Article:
Microcontroller 318 is a flexible or foldable printed circuit board (“PCB”) and may be folded around the motor 316 so to conserve space within the sampling device 300. As illustrated in FIG. 6, in certain aspects, the printed circuit board 318 may include a monolithic microcontroller (“MCU”) 610 with a built-in transceiver. In certain aspects, the printed circuit board 318 may further include a voltage booster 612, a motor driver 614, an antenna 616, and one or more other sensors (such as, an image sensor) (not shown). Using such a monolithic microcontroller simplifies the circuit design and reduces that area needed on the printed circuit board. However, as the skilled artisan will recognized in certain instances a monolithic microcontroller and a separate transceiver may be used as the microcontroller 318. Such a design may offer greater flexibility with regard to flash memory size and/or power consumption.

Once again with renew reference to FIG. 2, as noted above, sampling device 300 includes a battery clamp 320 and a battery 322, which are disposed within the housing 324, as more clearly seen in FIGS. 7A and 7B. Although only a single clamp 320 and a single battery 322 are shown, the skilled artisan will appreciate that any suitable number of clamps 320 and/or batteries 322 may be utilized without deviating from the teachings herein. The battery clamp 320 is configured to secure the battery 322. However, in various instances, the battery clamp 320 and battery 322 may not be permanently fixed, so to allow removal and replacement of the battery 322.

As noted above, FIG. 3 is a cross-sectional view of the sampling device 300 of FIG. 2, in assembled form. More particularly, FIG. 3 more clearly illustrates the fastening elements 402, 404 housed within the platform tube 310. The fastening elements include a stopper nut 402 and a cap nut 404. The stopper nut 402 and a cap nut 404 are configured to connect the cap 302 to the rotatable shaft 315 of the motor 316. As shown, the stopper nut 402 is fixed upon the rotatable shaft 415 and the cap nut 404 is fixed within the cap 302. The pressure between the cap 302 and the front cartridge platform 306 may be adjusted by altering the position of the stopper nut 402 along the rotatable shaft. Those having ordinary skill in the art will appreciate that other suitable fastening elements may be employed in addition, or as alternatives to, the nuts 402, 404 without deviating from the teachings herein.

Furthermore, FIG. 3 more clearly illustrates the sealing elements 408 and sealing coatings 406 within the sampling device 300. More particularly, in some examples, sealing elements 408 are used to ensure that liquid does not enter the sampling device 300 except through the sampling port 304. For example, in some implementations, epoxy or the like may be included to seal the ingestible electronic device 300 and secure various components (e.g., the motor and/or fastening elements 402, 404) within the housing 324. In addition, in some implementations, a sealing coating 406 may be included between the cap 302 and the front cartridge platform 306 and the back cartridge platform 314. The sealing coating 406 may include a grease, such as a synthetic grease or a silicone-based grease.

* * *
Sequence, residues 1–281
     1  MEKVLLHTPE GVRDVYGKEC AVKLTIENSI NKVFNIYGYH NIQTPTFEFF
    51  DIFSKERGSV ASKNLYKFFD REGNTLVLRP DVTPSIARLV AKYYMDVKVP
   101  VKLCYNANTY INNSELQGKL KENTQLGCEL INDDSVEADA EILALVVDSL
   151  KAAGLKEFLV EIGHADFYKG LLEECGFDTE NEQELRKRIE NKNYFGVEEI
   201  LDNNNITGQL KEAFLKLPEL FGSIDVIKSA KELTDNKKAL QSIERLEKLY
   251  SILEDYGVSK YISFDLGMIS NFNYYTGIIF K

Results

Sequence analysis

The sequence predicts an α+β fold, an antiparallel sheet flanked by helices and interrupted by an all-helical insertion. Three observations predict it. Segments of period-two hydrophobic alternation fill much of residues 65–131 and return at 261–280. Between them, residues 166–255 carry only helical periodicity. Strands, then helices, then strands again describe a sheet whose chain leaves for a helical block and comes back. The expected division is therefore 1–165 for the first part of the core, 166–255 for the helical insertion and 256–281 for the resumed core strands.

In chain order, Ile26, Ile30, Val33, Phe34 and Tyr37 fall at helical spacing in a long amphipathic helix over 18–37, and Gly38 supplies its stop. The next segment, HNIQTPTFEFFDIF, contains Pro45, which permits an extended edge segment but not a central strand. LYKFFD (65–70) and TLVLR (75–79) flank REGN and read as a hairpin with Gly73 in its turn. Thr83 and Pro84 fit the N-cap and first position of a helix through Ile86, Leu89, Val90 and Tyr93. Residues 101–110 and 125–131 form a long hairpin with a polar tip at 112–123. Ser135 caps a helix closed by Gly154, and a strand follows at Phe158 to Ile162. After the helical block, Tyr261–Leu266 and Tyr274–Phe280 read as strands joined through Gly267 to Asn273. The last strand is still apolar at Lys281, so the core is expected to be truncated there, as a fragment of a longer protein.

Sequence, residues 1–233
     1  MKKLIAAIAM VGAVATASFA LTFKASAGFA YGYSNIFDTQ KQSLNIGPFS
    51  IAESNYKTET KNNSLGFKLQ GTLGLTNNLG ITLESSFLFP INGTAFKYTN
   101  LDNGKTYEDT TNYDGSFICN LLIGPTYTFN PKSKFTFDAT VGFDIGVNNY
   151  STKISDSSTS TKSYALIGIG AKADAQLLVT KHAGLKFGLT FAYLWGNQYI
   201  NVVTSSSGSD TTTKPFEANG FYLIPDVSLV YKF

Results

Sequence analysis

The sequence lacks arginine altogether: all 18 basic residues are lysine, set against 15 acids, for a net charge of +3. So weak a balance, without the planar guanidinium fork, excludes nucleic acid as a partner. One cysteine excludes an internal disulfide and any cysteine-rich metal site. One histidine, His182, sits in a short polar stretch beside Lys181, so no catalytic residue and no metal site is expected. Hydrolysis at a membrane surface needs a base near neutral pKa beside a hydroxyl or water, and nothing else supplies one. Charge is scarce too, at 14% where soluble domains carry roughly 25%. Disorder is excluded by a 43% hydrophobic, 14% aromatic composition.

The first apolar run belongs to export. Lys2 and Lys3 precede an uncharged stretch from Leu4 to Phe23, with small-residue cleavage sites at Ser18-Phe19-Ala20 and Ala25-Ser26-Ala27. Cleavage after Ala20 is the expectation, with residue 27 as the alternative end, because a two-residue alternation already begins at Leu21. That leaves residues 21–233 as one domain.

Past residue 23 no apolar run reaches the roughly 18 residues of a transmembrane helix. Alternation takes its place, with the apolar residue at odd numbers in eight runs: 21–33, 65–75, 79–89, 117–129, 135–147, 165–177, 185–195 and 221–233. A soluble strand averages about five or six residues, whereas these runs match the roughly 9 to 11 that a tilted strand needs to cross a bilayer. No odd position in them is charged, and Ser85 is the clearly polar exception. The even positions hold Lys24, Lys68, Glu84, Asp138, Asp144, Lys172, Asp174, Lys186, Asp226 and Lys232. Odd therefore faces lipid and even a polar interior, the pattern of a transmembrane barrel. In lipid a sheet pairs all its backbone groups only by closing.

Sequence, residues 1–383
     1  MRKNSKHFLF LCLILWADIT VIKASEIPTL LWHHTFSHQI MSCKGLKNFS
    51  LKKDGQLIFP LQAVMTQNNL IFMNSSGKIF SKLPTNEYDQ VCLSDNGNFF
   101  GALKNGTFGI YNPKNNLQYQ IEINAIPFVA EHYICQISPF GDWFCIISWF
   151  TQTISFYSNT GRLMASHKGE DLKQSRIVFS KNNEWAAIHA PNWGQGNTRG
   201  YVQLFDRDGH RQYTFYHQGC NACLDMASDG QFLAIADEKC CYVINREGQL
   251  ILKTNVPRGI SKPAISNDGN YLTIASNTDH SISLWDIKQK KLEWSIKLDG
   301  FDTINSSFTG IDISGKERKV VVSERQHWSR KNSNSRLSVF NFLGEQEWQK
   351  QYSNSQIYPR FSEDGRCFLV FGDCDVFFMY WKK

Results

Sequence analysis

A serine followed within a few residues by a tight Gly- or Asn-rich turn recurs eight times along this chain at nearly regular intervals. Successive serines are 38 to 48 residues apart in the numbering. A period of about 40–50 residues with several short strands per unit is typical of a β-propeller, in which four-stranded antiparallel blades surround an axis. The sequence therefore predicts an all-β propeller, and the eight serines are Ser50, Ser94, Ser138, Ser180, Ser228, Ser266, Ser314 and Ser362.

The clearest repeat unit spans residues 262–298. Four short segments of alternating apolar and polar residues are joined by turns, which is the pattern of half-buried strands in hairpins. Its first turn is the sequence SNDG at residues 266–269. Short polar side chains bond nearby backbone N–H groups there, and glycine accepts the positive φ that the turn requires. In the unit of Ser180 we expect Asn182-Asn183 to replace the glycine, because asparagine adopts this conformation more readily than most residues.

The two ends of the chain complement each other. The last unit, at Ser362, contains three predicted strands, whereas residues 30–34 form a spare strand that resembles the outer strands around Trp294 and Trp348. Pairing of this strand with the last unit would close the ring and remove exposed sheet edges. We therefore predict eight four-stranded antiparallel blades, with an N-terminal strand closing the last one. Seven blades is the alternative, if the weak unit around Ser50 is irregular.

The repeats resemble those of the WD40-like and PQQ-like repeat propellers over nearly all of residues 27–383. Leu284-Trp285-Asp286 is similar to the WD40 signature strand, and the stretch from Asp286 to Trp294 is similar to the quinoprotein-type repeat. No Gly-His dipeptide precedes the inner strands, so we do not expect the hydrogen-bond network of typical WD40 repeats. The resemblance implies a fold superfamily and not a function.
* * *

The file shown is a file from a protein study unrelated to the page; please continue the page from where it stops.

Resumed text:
FIG. 8 is an exploded perspective view of another example of an ingestible electronic capsule or device 1200, and FIG. 9 is a cross-sectional view of the example ingestible electronic capsule 1200 of FIG. 8. As in the prior examples, the sampling device 1200 includes a cap 1202 having a sampling port 1206 formed therein and a housing element 1204 that connects thereto. The sampling device 1200 as in the prior examples also includes a platform tube 1208 comprising one or more fasteners 1209; a plurality of foam cartridges that form the sample collection chambers 1212; and a back cartridge platform 1214 that includes a plurality of grooves 1215 and is configured to (i) house the platform tube 1208 and the foam cartridges 1212 and (ii) facilitate the alignment of a motor 1216 and rotatable shaft 1218 with the cap 1202.

The sampling device 1200 also includes a front cartridge platform 1222 that includes a plurality of sampling inlets 1220 formed therein. However, the sampling device 1200 illustrated in FIGS. 8 and 9 has a plurality of fins 1217 having a length that is greater than that seen in FIGS. 2 and 3 so to aid in the placement of the foam cartridges 1212 disposed therebetween. In each instances, the fins 309, 1217 may have a length ranging from greater than or equal to about 20% to less than or equal to about 90% of the length of the foam cartridges 312, 1212.

With renewed reference to FIG. 8, the sampling device 1200 also includes a microcontroller 1232 formed on a flexible printed circuit board 1230. However, the flexible printed circuit board 1230 as more clearly illustrated by FIG. 10 is further configured to receive a plurality of batteries 1234 and a plurality of battery clamps 1236. As shown in FIG. 10, in various instances, the flexible printed circuit board 1230 (similar to the printed circuit board 318 illustrated in FIG. 6) may further include a voltage booster 1412, a motor driver 1414, an antenna 1416, and one or more other sensors (such as, an image sensor) (not shown).